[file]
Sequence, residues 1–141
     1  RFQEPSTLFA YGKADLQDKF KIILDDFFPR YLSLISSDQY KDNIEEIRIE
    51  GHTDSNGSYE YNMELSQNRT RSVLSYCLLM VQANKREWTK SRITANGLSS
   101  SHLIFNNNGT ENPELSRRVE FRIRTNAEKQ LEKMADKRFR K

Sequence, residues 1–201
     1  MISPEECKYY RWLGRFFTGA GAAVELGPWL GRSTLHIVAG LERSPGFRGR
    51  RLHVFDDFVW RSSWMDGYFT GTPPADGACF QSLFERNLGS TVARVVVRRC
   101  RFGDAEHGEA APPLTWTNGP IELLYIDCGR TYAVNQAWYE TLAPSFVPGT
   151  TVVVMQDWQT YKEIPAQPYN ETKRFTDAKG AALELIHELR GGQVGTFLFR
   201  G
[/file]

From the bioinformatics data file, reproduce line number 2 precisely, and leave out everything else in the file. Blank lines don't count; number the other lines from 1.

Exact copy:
     1  RFQEPSTLFA YGKADLQDKF KIILDDFFPR YLSLISSDQY KDNIEEIRIE